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Empirical Labor Economics (MSB280)

This course is designed to help students understand the principles underlying both labor demand and labor supply. The main themes include (but are not limited to):

  • Labor supply and individual trade-offs between work and leisure
  • Parental labor force participation
  • Welfare and labor supply
  • Labor demand and firms decisions on employment
  • The effects of taxation on labor demand
  • Human capital model
  • The Spence signaling model
  • Returns to education

Course description for study year 2022-2023. Please note that changes may occur.

Course code




Credits (ECTS)


Semester tution start


Number of semesters


Exam semester


Language of instruction


Learning outcome


Upon completion of this course, students will:

  • Have good knowledge of the fundamental principles that determine firms' labor demand and individuals labor supply
  • Be able to apply basic decision-making models to phenomena such as discrimination, parental labor supply, retirement and educational attainment decisions


Upon completion of the course, students will:

  • Be able to predict the likely effects of income and payroll taxes on individual and firms' labor supply and demand
  • Be able to discuss aggregate labor statistics (e.g., unemployment rate) with an understanding of what underlies the measurement
  • Have a basic understanding of the statistical strategies needed to measure the effects of policies on labor supply and demand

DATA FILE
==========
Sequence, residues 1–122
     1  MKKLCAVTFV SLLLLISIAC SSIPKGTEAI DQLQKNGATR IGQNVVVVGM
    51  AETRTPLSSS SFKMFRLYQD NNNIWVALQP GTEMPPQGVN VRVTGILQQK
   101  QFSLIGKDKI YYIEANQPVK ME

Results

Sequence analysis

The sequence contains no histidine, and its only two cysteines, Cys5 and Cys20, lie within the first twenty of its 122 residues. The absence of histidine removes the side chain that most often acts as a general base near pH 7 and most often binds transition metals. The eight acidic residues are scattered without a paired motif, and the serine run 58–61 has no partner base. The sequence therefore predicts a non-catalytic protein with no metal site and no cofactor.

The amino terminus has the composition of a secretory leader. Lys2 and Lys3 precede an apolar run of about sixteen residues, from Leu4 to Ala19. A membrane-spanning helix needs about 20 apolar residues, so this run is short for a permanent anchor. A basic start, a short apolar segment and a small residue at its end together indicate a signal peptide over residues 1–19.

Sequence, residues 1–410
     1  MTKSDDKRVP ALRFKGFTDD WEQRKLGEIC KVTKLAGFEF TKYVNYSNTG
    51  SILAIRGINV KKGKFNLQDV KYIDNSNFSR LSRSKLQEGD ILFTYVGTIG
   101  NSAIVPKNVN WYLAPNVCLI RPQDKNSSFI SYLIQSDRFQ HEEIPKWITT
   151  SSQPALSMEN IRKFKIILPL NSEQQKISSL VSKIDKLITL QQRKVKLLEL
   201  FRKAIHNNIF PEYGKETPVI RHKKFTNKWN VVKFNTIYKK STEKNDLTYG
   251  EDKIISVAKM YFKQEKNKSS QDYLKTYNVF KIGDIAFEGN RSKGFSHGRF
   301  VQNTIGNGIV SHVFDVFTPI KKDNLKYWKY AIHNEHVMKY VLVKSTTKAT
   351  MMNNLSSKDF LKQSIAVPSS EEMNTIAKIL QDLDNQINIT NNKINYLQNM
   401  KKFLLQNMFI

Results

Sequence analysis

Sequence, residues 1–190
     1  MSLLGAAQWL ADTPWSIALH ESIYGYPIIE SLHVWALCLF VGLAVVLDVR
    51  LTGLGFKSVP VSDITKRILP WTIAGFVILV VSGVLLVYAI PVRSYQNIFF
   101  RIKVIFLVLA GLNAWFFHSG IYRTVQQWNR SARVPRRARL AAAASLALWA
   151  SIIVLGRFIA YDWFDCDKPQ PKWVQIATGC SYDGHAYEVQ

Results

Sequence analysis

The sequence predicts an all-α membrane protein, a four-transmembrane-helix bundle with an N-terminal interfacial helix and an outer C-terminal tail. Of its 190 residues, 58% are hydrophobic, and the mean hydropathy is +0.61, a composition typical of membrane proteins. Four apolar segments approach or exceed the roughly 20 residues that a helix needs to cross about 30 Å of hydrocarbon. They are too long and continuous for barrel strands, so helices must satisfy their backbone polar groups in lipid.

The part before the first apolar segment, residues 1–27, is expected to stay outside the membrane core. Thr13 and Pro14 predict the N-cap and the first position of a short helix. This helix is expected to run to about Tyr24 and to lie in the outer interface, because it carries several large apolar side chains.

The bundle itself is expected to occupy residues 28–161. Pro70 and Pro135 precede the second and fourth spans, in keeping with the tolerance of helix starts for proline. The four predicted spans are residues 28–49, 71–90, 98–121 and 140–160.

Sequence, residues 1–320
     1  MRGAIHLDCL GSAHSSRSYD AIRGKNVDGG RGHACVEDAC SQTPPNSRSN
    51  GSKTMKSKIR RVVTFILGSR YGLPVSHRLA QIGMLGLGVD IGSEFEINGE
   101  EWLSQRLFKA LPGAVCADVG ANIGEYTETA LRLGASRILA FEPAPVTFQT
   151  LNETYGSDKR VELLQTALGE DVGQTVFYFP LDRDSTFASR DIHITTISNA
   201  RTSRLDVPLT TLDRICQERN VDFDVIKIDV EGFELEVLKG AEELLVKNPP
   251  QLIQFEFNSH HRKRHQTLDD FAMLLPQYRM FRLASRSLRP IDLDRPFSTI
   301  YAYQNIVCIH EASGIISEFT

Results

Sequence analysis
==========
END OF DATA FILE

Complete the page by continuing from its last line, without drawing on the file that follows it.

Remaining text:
Required prerequisite knowledge
Recommended prerequisites
We will use Microsoft Excel for estimation in a couple of lectures. It is assumed that students either have working knowledge of Excel or are capable of learning to use it independently or with basic guidance.
Form of assessment Weight Duration Marks Aid
Written exam 1/1 4 Hours Letter grades Approved, basic calculator, Dictionary,

Coursework requirements
2 problem sets
Course teacher(s)
Course coordinator: Eric Perry Bettinger
Study Program Director: Yuko Onozaka
Method of work

A 2-week course, 4 hours per day. Lectures and problem-solving. Language of instruction: English

Students are expected to prepare for and review the lecture materials on their own. Regular assignments that typically include both conceptual and computer exercises (data analysis) will also be given. The expected workload for this course is:

  • Lectures: 40 hours
  • Lab: 4 hours
  • Specific guidance: 6 hours
  • Assignments: 40 hours
  • Other preparations and reviews of materials: 180 hours

Total: 270 hours

Overlapping courses
Course Reduction (SP)
Empirical Labor Economics (MØA280_1) 10
Open for
Master in Accounting and Auditing Business Administration - Master of Science Business Administration - Master of Science (5 years)
Course assessment
Students will have the opportunity to give feedback on the course first in an early dialogue, and then in a written course evaluation at the end of the course.
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